Office of Energy Projects


What s up with infrastructure

Major Western Interstate Gas Pipelines

Colorado Interstate Gas Co.

El Paso Natural Gas Co.

Kern River Gas Transmission

Mojave Pipeline Co.

Northern Border Pipeline Co.

Northwest Pipeline Corp.

Paiute Pipeline Co.

PG&E Gas Transmission, Northwest

Questar Gas Co.

Southern Star Central Gas

Southern Trails Pipeline

Trailblazer Pipeline Co.

TransColorado Gas Transmission

Transwestern Pipeline Co.

Tuscarora Gas Transmission

Williston Basin Interstate

Wyoming Interstate Co., Ltd.

The West is dependent on pipeline capacity originating in Canada and the Southwest. As the Rocky Mountain basins develop, increased pipeline capacity will be required to transport this gas towards markets in the West and Midwest.

3.8 Bcf/d

0.4 Bcf/d

1.8 Bcf/d

1.1 Bcf/d

1.8 Bcf/d

0.5 Bcf/d

0.2 Bcf/d

Source: RDI’s Powermap and EEA’s April 2002 data base (Average Pipeline Capacity for 2002)

25

Office of Energy Projects


26 of total us gas reserves are located in the rocky mountain region

Big

Horn

Basin

Powder

River

Basin

Wind River

Basin

Overthrust

Belt

MT

WY

Green River

Basin

Denver

Basin

UT

CO

26% Of Total US Gas Reserves Are Located in the Rocky Mountain Region.

Rocky Mountains

Total Resources 209 Tcf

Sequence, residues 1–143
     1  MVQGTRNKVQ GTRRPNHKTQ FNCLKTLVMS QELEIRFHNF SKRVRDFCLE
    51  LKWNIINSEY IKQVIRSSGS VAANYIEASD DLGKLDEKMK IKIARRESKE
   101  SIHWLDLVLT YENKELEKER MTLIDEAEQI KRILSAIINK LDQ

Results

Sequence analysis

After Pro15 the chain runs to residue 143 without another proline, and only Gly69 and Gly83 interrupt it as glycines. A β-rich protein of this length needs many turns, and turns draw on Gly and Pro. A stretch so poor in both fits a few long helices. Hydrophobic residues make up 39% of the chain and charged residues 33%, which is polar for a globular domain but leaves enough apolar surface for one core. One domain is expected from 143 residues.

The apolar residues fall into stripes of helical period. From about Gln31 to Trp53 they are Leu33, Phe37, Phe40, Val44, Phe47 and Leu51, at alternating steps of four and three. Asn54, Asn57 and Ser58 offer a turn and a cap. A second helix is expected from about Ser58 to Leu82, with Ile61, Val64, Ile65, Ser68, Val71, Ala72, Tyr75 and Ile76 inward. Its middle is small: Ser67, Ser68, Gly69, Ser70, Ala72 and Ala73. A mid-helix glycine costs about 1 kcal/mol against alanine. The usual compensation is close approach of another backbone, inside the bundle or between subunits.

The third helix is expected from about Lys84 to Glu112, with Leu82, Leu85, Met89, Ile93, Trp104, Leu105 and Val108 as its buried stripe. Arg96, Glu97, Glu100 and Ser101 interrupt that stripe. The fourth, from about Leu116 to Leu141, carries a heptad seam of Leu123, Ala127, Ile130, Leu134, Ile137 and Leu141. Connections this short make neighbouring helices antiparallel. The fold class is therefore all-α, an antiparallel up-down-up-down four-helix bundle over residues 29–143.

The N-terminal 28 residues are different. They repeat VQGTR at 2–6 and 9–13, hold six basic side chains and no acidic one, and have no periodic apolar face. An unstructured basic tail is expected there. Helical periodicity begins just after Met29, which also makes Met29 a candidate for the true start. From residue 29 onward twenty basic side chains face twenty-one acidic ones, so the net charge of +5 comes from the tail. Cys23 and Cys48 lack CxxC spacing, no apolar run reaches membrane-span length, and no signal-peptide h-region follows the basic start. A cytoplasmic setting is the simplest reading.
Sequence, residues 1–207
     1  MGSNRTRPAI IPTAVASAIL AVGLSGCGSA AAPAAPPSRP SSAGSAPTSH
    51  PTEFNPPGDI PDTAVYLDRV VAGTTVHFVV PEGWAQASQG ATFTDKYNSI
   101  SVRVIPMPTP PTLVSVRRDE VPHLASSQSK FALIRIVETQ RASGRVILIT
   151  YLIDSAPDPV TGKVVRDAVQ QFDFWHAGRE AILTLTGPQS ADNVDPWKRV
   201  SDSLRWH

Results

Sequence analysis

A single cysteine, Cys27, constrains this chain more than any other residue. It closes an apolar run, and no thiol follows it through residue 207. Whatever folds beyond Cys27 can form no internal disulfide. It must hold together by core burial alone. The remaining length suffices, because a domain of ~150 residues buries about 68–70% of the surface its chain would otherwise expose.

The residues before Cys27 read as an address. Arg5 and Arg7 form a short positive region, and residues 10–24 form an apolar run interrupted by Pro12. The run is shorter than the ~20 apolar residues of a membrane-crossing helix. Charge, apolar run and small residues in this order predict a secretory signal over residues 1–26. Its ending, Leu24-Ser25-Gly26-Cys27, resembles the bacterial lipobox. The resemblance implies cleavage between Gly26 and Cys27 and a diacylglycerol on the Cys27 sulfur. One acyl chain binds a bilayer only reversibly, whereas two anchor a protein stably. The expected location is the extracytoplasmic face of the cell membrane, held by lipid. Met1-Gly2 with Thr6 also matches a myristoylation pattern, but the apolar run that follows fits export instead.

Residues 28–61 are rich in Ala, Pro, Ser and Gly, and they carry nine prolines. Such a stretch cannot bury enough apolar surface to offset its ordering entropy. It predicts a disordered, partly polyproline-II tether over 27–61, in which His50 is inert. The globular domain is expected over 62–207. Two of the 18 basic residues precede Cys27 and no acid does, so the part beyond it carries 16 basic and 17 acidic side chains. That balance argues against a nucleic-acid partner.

Conventional 29 Tcf

Non-Conventional 180 Tcf

(Coal Bed Methane 45 Tcf)

Wyoming

Southwestern Wyoming & Powder River Basin 101 Tcf

Powder River Basin – Coal Bed Methane 14.3 Tcf

Sources: Wyoming Energy Commission’s Website; Mr. Chris Schenk of USGS; USGS’ Assessment of Oil and Gas Resources in Priority Basins in the US; and Power Map


Proved gas reserves

Proved Gas Reserves

  • Wyoming and Colorado comprised 10% and 7%, respectively, of EIA’s estimated total proved US gas reserves of 183.5 Tcf as of 12/31/01.

  • Wyoming had the largest increase in proved reserves, by state or federal region, from 2000 to 2001 at 2.2 Tcf. (Total US reserves increased by 6 Tcf.)


Rocky mountain pipelines

Rocky Mountain Pipelines

Eleven interstate

pipelines are located

within the four states

that encompass the

Rocky Mountain region.

These 11 pipelines have

total average pipeline

capacity of

5,204 MMcf/d coming

out of the Rockies as of

May 2003.

Source: RDI Power Map and Capacity Volumes from Energy and Environmental Analysis Inc’s (EEA) April 2002 Base Case.


Interstate pipeline capacity out of wyoming

FERC

Interstate Pipeline Capacity Out of Wyoming

0.2 Bcf

Note: Williams Gas Pipelines Central Inc.

is now Southern Star Central Gas Pipeline.

Opal

Hub

2.2 Bcf

Cheyenne

Hub

3.1 Bcf

Source: RDI PowerMap and various flow diagrams on file at the FERC.

29


Productive capacity vs pipeline capacity

Productive Capacity vs.Pipeline Capacity

  • EIA shows that the Rockies could produce up to 6 Bcf per day through 2003.

  • Wyoming Energy Commission shows that the Rockies could produce up to almost 8.0 Bcf per day by 2005 and 11.0 Bcf per day by 2010.

  • Both of these totals are greater than the current pipeline capacity of the region.


Contact

Contact

JEFF WRIGHT

[email protected]

202-502-8617